Let’s talk about Mental Wellbeing …
– Sujan Shrestha
It’s a good thing that people are getting gradually aware about mental health. Many articles and news reports regarding mental health have surged up in recent days. But our approach has been more a conventional one which focuses on the treatment rather than the prevention of abnormalities. I think it has become a pattern in the media discourse of mental health to depict a melancholy picture of whole country’s dysfunctional health system. We have to get out of our narrower approach of mental health and think more in a broader and holistic perspective. Whether we agree or not, mental health is not absolute objective. Therefore we must be having many alternatives than just sticking to one approach when dealing with mental health. The quote, “Prevention is better than cure”, strikes the right cord to mental wellbeing. I think little attention towards the preventive approach would not go amiss.
Mental wellbeing is the preventive approach which protects people more generally against developing mental health difficulties. Now mental wellbeing is a tricky issue because it is very comprehensive and vague in its definition. Mental wellbeing is associated with physical wellbeing. It has social, cultural, political and economic dimension which make it hard to achieve in true sense. Mental wellbeing is being more than just happy. According to Sarah Stewart-Brown, professor of public health at the University of Warwick and a wellbeing expert, “Of course, feeling happy is a part of mental wellbeing. But it is far from the whole. There is a deeper kind of wellbeing, which is about living in a way that is good for you and good for others around you.” It doesn’t mean you shouldn’t experience other plethora of emotions but it is more how you can cope with you destructive emotions and prevent deviations. Resilience is the essential component of mental wellbeing.
We have to have a broader perspective as to what causes mental disorders or abnormalities. Some are genetic in nature which can only be stabilised through medicines and therapies but mostly arouse from psychosocial and cognitive malfunctions. Cognitive Behavioural Therapy changes the distortive thinking pattern while treating the patient. In more technical terms it’s a technique to undergo a change of prevailing mental schemas. Now schemas are organized pattern of thoughts or mental framework. All our interpretations, understandings, attention, logic etc. are guided by schemas. Cognitive psychologists believe due to the maladaptive schemas psychological disorders are ensued. Now if we take the cognitive approach to the time before the development of a mental disorder it would be a big trouble saver. Mental wellbeing can be achieved if we introspect and find the faulty self-schemas and change into the one which is more adaptive and make us feel good about.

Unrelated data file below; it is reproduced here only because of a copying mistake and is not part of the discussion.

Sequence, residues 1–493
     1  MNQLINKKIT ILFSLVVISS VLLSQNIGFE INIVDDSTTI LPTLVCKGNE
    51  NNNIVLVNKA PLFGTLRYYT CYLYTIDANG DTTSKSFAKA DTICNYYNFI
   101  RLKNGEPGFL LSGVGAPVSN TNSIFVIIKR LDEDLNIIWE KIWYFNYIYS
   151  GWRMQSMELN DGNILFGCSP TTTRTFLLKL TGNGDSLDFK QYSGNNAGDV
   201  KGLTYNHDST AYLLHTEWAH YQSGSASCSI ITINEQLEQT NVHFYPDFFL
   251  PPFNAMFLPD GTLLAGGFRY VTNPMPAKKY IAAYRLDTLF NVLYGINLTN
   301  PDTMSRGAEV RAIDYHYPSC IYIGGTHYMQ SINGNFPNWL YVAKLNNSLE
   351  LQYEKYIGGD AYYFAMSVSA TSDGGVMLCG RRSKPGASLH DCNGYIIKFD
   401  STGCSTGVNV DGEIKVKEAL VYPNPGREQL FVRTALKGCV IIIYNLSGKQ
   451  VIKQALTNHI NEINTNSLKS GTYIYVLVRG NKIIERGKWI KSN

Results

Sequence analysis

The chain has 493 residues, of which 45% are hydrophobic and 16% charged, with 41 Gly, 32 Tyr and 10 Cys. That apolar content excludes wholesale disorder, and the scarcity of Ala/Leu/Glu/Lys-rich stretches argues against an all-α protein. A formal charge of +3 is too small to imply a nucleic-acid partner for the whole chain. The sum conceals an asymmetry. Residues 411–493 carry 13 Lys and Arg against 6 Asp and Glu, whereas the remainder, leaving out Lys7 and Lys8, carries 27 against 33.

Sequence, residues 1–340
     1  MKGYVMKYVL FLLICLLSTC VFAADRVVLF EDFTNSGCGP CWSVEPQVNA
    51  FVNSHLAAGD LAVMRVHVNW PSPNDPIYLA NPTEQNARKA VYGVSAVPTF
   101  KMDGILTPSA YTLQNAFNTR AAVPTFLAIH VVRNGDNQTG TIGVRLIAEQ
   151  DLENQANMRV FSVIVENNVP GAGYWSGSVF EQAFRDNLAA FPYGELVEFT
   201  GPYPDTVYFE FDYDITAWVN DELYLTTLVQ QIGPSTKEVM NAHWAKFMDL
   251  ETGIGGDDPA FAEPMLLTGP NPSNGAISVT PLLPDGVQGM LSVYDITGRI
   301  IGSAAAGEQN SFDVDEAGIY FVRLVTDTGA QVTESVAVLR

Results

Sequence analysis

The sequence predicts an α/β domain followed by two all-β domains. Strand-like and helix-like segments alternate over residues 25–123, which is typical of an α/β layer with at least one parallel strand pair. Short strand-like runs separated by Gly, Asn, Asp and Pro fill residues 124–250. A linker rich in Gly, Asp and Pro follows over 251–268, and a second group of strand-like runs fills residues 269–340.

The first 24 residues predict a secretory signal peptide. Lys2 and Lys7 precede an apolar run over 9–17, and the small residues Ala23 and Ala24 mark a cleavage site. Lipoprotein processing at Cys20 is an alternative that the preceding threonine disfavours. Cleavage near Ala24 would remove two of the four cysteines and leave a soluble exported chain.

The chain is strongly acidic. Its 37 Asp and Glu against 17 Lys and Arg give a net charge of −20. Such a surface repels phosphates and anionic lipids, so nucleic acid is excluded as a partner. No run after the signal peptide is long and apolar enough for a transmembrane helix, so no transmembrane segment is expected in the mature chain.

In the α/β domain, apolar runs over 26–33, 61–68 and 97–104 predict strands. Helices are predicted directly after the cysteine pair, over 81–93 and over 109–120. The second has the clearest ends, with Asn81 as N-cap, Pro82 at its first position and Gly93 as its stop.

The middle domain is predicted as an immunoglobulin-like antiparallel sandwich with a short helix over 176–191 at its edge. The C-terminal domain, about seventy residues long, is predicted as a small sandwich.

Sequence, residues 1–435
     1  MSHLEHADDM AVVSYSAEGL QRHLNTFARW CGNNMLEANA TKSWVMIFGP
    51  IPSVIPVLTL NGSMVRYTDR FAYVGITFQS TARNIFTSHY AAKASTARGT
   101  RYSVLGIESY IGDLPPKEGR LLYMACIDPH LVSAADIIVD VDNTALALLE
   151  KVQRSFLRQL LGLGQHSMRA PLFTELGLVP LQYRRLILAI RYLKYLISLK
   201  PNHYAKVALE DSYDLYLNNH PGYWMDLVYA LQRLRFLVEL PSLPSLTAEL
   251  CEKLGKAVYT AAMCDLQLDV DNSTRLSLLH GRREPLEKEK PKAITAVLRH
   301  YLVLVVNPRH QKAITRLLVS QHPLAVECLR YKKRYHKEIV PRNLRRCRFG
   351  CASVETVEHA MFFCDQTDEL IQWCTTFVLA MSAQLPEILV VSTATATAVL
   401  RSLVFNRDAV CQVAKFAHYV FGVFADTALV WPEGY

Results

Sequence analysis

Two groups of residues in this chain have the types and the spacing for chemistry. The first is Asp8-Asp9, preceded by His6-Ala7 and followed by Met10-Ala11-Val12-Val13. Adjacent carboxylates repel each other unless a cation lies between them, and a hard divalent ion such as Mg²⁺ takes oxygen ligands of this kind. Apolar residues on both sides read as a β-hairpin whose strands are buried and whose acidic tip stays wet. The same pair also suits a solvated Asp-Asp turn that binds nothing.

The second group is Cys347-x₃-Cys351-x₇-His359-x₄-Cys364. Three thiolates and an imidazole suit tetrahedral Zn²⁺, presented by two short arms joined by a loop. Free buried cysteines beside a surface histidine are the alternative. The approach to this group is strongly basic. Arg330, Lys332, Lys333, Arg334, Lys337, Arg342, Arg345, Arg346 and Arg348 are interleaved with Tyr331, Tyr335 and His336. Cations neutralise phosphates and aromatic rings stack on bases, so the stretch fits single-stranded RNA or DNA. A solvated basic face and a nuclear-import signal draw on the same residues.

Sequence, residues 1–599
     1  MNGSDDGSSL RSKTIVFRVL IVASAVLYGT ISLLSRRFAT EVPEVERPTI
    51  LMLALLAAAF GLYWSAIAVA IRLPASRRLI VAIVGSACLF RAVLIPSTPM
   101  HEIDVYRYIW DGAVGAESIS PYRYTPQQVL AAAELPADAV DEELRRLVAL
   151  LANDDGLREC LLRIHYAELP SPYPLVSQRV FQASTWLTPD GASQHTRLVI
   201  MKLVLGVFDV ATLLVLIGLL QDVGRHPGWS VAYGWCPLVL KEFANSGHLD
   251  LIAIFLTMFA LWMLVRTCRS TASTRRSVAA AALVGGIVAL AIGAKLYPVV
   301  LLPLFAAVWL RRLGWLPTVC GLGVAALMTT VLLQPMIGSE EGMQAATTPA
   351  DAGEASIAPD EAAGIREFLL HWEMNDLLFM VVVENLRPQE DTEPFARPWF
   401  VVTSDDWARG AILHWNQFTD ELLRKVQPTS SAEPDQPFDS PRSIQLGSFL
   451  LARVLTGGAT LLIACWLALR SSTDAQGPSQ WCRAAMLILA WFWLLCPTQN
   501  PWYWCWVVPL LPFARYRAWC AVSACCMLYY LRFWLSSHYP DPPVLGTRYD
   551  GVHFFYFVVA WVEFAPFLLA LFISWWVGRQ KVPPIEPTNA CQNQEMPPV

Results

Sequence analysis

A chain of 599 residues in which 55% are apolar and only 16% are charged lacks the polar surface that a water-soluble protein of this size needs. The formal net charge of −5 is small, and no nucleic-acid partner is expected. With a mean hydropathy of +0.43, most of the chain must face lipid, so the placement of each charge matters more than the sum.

Mental wellbeing is a hot topic in developed economies and they are exploring this topic so that they can cut slash their huge burgeoning health expenses by clipping the root of the cause rather than treating the cause. It might take a long time in our country for this subject to be broached upon by the government since it’s not being able to establish more than one good mental hospital for the whole country at the present. But nonetheless it has been suggested that if we take some few basic steps on an individual level, we can keep most of the mental health problems at bay. According to National Health Service (NHS), UK, we should be focussing on five aspects of our life to achieve mental wellbeing:
1. Connect: connect with the people around you
2. Be active: Keep your mind and body engaged
3. Keep learning: Learning new skills can give you a sense of achievement and new confidence.
4. Give to others: Even the smallest act can count, whether it’s a smile, a thank you or a kind word
5. Take notice and reflect: To be more aware of the present moment, including your feelings and thoughts, your body and the world. In other words develop “mindfulness”.
Now mental wellbeing is far from prescriptive. It is just suggestive. There can be more additional points onto the points above. There’s no conclusive research as of yet to prove that mental wellbeing will definitively prevent mental illness, but this approach has been getting large acceptance in the mental health sector in the countries like the UK and Europe. Still some ambiguities persist and mental wellbeing in unfavourable environments like in war and poverty seems like a distant dream and a fairy tale. Mental wellbeing although seems catchy term it is hard to get by. But on the brighter note, if not get it at least we can try to get it.
( This article was published on Nov 3, 2014 in The Himalayan Times daily. To read the published article click the link below http://m.thehimalayantimes.com/fullNews.php?headline=TOPICS%3A+Keeping+the+mind+healthy&NewsID=432210)